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Original Public Benefit Boot Company

Modern story of devotion, and dogged researching, to produce in depth accounts of two major, and typical, Boot and Shoe companies recently dissolved after more than a century of trading. This work, in simple terms presents a very important collection or compilation of various records, and facts, gathered over a period of decades, hitherto, for this industry, never undertaken previously on this scale. Here we had two firms, Public Benefit Boot working the Northern sectors and Lennards the Southern sectors. co-operating, utterly, working towards beating the ‘big boys’ to a race, for true and total, national, representation.

Milestones, one such being the three incorporations of 1890, 1893 and the final one of 1897 as at various stages parts of the business slowly, became joined at the hip. Original Public Benefit Boot Company was used ‘early doors’ to differentiate the company from imposters or imitators. Market stall men, as one of the Midlands directors complained of bitterly in 1886, were calling themselves similar or even audaciously the same name, as Public Benefit Boot company and advertisements were placed in local newspapers to alert the public. This began to occur in other sectors of the country also and vigilance was the ‘byword’ to keep abreast of such practices. One of the reasons for a ‘rushed’ incorporation in 1890, at a time when the company was not entirely ‘ready’ for ending partnerships was done to protect the company name. Larger traders too with shops, were also advertising in total opposition began claiming they were the ‘only Public Benefit boot shop’ in town! Such was the intense rivalry and it is said imitation is a form of flattery but clearly this was quite a problem.

1904 and time for complete collaboration had arrived, when the two companies would each, centralise operations, setting up a major headquarters combining warehousing, manufacture, distribution thus ending the ‘territorial’ aspect of the business; whereby individual partners or directors clung doggedly to their own ‘empire’. 1904 wasn’t welcomed by many on the Northern board and resignations took place as the realisation unfolded that, T.J. Lennard of the Southern concern, was to become both chairman and MD overall to oversee a smooth transition, he, having acquired shareholdings from the Northern sector in order to become the largest shareholder. Within a few years it became abundantly clear such a merger wasn’t going to take place amid such stiff opposition from ‘within’ but it took many years before the marriage could be ended and both companies went their separate ways.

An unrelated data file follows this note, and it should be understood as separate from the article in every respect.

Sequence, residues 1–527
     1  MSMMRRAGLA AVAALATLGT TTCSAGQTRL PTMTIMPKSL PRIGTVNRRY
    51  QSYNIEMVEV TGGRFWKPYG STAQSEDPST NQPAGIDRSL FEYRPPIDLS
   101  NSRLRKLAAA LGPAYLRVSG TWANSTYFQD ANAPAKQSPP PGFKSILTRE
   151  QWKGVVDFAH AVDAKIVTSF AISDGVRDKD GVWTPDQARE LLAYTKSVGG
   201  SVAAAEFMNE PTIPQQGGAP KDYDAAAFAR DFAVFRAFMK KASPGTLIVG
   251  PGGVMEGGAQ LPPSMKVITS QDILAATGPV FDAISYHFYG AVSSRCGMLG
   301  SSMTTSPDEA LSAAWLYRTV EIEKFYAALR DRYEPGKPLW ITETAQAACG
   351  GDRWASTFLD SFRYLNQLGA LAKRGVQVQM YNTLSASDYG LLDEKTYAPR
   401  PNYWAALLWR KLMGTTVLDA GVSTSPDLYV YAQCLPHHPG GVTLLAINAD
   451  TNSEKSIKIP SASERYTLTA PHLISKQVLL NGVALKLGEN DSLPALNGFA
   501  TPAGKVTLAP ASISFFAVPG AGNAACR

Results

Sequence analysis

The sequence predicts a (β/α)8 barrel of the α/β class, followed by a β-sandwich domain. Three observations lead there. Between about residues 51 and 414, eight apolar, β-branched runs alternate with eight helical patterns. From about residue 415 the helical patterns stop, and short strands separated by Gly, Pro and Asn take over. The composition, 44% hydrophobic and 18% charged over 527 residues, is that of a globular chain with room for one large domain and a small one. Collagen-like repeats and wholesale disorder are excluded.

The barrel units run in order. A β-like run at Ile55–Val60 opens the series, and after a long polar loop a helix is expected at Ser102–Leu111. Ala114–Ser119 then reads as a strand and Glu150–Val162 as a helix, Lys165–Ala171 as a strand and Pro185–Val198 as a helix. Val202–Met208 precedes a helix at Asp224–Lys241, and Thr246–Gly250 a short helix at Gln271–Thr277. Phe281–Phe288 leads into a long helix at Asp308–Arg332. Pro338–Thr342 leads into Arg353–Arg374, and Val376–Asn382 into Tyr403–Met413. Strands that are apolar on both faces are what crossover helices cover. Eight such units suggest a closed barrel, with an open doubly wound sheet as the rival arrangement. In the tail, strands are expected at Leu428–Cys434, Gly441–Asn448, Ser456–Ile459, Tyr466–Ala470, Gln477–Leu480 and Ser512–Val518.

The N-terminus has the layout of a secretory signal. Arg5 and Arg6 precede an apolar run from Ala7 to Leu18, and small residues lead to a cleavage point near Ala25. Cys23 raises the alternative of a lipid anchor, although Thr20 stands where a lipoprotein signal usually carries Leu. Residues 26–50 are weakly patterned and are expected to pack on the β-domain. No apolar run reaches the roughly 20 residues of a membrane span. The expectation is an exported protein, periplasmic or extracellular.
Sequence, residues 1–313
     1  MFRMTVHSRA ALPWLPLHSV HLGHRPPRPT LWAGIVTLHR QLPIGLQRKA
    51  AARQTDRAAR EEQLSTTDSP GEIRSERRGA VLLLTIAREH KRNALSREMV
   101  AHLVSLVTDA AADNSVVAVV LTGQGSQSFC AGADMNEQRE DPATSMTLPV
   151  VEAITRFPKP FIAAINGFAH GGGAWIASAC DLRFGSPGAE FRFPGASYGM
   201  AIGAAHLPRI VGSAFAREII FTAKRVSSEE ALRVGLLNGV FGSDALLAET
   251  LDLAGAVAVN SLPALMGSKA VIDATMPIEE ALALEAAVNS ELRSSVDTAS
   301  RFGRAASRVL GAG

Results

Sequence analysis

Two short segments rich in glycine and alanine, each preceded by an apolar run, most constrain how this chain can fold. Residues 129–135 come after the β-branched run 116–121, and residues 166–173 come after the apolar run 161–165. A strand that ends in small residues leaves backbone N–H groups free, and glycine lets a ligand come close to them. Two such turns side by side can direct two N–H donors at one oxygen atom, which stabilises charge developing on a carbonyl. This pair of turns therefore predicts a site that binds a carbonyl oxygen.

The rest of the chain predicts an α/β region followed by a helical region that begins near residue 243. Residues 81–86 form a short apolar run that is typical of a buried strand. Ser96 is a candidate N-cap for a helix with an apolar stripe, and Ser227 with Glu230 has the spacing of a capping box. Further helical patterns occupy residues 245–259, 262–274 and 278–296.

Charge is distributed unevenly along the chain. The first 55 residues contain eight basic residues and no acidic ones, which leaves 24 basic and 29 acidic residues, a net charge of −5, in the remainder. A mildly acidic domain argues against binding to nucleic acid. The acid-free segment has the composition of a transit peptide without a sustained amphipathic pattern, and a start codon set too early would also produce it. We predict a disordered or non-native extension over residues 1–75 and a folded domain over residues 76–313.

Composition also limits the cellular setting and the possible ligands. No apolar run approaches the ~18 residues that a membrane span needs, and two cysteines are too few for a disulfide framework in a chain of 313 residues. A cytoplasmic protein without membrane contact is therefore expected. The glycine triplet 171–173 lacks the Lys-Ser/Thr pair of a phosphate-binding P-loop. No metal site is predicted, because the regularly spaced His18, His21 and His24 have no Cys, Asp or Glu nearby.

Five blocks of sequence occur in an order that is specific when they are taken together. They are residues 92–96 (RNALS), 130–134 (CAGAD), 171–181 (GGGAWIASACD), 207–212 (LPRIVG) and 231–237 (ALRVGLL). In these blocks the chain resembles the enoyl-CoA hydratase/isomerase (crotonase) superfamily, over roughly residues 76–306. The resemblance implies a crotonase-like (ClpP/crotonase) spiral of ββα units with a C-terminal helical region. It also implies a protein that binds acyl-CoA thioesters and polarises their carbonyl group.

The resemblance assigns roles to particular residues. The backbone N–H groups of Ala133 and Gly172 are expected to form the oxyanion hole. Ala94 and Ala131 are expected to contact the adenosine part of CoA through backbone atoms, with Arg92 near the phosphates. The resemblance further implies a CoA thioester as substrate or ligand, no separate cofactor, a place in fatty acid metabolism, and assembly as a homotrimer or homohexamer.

Both firms aggressively built up their branch holdings even during the ‘depressed’ years of the 1920’s and 30’s prior to WW2. Wars of course bring greater profits as firms are ‘brought in line’ to service military requirements above domestic customers as large contracts were awarded. However, the path to greater profitability along this route, was not without difficulty as companies ‘up and down’ the nation struggled immensely, with losses of skilled workers and diminished supplies to fulfil urgent demands of the military war machine. Greater taxation was also another ‘burden’ but accepted as necessary to ‘beat the common foe’

Both Public benefit and Lennards traded well as did the trade in general, and can be used as a benchmark as to the health and state of the trade, but as the 1950’s and 60’s dawned this industry was to witness ‘takeovers’ on a massive scale and a ‘break up’, leading, eventually to the demise of many popular household names. World free trade means no longer will our domestic markets be ‘ruled’ by ‘home grown’ manufacture and retailing as fierce competition has overtook us from far flung countries across the globe. In many aspects, not all, quality has suffered forsaken for the cheaper product to meet the demands of diminishing household budgets.
 

Benefit ladies shoe from 1960’s

From 1875 to the 1990’s what has been unearthed is an exhilarating, look, at ‘hey days’ of British Boot and Shoe’ manufacture and retailing, often through the ‘eyes’ of those who worked in the industry, during this time frame.  Accomplishments, include, valuable documentation of the old but now defunct industry, related in using hundreds of photographs and images, ‘capturing’ shots of buildings still around in 2018 but will inevitably disappear as time marches on. That is one aspect of my compilations I believe gives this an enduring quality, for as I have been able to compare ‘then and now’ so others will also be able to decades from now, using my material.

Today we have a footwear industry that has ‘specialised’, it is no longer a mass market commodity in the old terms. The top thirty British Made shoe brands cater for the ‘well heeled’ in my opinion, leaving the man or woman on the Street to visit department stores and clothing fashion shops, who stock shoes. It is still possible to find dedicated shoe shops, Clarks for example, produce good shoes, and there are others, still catering for those on limited budgets. However, the romantic era, of seeing a bright, branded, British, shoe shop on every street corner, has long since faded. Online shopping has also ‘hit’ traditional companies hard and High Streets are seeing an abandonment like never before. Once powerful strong names, big employers, trusted brands, are vanishing as ‘price’ rules.

Beginning with Nothing